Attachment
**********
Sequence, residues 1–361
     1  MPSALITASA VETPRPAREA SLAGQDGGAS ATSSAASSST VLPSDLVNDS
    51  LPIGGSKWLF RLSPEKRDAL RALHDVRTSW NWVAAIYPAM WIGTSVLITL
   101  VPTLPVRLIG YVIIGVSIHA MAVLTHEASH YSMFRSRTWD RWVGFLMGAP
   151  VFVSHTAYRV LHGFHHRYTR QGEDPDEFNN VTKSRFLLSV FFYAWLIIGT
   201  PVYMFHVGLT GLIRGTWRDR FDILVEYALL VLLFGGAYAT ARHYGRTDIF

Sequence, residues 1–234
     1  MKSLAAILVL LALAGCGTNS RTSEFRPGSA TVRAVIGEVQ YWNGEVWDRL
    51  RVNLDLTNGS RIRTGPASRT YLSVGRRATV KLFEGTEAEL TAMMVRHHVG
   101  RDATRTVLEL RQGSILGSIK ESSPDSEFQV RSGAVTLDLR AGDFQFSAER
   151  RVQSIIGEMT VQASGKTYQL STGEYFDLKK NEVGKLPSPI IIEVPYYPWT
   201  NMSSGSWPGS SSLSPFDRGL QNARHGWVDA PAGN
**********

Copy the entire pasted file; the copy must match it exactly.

Sequence, residues 1–361
     1  MPSALITASA VETPRPAREA SLAGQDGGAS ATSSAASSST VLPSDLVNDS
    51  LPIGGSKWLF RLSPEKRDAL RALHDVRTSW NWVAAIYPAM WIGTSVLITL
   101  VPTLPVRLIG YVIIGVSIHA MAVLTHEASH YSMFRSRTWD RWVGFLMGAP
   151  VFVSHTAYRV LHGFHHRYTR QGEDPDEFNN VTKSRFLLSV FFYAWLIIGT
   201  PVYMFHVGLT GLIRGTWRDR FDILVEYALL VLLFGGAYAT ARHYGRTDIF

Sequence, residues 1–234
     1  MKSLAAILVL LALAGCGTNS RTSEFRPGSA TVRAVIGEVQ YWNGEVWDRL
    51  RVNLDLTNGS RIRTGPASRT YLSVGRRATV KLFEGTEAEL TAMMVRHHVG
   101  RDATRTVLEL RQGSILGSIK ESSPDSEFQV RSGAVTLDLR AGDFQFSAER
   151  RVQSIIGEMT VQASGKTYQL STGEYFDLKK NEVGKLPSPI IIEVPYYPWT
   201  NMSSGSWPGS SSLSPFDRGL QNARHGWVDA PAGN